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Tuesday, 4 July 2017

Connecting research to ongoing debates

by Saba Aslam

Women picking vegetables in Mirpurkhas
Photo credit: Collective team

Agricultural work in Pakistan is becoming feminised and accounts for more than 70 per cent in the work force. How well is women’s agricultural work is recognised amongst the policy makers of the country is still unclear, but it is a key area of interest for researchers in understanding the linkages between women’s agricultural work and their health outcomes.

The Collective for Social Science Research (CSSR) has been involved in a LANSA study on women’s work and nutrition (WWN) since 2015. This study is based on women agricultural workers of the Sindh province of Pakistan. While the main aim of the study is to assess the pathways and disconnects between women’s work in agriculture and its impact on their nutritional status, the study also helps us to identify the types of interventions needed to combat undernutrition in women agricultural workers and their children. This study is in its final stages of completion; two rounds of surveys and anthropometric measurements have already been conducted on mother-infant dyads of rural areas of the Sindh province, and different studies are also expected to emerge from the data collected through these surveys.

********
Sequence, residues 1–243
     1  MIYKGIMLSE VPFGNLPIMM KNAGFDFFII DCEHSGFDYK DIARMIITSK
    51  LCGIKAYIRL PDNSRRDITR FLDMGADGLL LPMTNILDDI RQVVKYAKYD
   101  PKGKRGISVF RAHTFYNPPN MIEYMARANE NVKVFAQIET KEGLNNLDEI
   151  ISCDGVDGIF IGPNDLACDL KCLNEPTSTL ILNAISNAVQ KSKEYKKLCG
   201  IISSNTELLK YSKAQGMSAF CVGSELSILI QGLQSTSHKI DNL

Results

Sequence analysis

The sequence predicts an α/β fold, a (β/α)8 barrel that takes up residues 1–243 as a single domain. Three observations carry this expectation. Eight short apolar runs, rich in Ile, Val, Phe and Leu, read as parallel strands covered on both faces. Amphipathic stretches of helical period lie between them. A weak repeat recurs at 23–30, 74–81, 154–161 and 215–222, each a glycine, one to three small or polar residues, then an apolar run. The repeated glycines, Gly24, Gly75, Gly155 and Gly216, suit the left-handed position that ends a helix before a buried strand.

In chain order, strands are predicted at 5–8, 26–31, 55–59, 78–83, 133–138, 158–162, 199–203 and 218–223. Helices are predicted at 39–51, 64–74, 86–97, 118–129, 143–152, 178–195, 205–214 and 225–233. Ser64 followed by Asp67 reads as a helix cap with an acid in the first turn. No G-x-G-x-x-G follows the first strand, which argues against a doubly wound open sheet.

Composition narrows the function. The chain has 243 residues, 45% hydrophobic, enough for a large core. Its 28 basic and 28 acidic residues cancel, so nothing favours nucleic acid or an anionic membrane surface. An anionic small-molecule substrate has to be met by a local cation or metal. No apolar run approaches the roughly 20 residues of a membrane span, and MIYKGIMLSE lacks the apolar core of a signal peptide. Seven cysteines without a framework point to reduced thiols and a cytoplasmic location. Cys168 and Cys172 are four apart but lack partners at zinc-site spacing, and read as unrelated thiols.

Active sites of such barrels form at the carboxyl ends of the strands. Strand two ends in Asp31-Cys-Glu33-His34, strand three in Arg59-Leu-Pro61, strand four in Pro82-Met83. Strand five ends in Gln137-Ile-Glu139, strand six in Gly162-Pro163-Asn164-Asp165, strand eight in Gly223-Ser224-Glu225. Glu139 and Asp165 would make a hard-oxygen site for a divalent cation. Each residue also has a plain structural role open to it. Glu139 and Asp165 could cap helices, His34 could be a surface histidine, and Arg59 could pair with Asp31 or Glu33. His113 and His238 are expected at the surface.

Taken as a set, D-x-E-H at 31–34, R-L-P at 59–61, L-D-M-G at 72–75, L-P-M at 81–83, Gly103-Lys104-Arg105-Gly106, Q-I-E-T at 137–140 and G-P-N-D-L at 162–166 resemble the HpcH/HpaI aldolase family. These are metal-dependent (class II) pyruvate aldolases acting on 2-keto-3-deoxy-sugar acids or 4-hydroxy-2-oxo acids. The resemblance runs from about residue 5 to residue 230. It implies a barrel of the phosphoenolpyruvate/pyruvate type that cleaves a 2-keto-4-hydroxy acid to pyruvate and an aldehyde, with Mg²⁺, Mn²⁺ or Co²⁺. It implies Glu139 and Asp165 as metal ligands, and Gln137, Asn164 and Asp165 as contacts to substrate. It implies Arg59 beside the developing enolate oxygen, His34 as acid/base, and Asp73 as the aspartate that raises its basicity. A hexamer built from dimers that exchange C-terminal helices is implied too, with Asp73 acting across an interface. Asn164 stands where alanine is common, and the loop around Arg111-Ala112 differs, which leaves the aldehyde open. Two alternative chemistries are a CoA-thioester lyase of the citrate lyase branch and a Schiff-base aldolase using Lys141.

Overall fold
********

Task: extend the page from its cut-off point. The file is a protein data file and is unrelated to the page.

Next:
The ANH Academy week which will be held in Kathmandu this July presents an excellent opportunity for us researchers to connect with each other, and share our understanding of agri-health linkages that are prevalent in our countries. In fact, the South Asian ‘paradox’ could be worth exploring in terms of different policies and strategies needed to mitigate the conundrum of undernutrition prevalent in the entire region. I also think that this symposium will be a good opportunity for understanding the causes of undernutrition in South Asia, and learning about the various interventions that could lead to pro-nutrition outcomes in communities where agriculture is the main source of livelihood.

Researchers from the CSSR, including myself will be representing the WWN survey in different events and sessions hosted by the ANH Academy. We will also be representing our ‘Research to Action’ pilot which is an ambitious innovation for facilitating community-level evidence-based discussion on agriculture-nutrition linkages. The policy dialogue on women agricultural workers and nutrition in South Asia provides a rare opportunity for researchers and policymakers from across the region to come together on a key issue that impacts on nutrition.


*This blog was originally written for the ANH Academy website.

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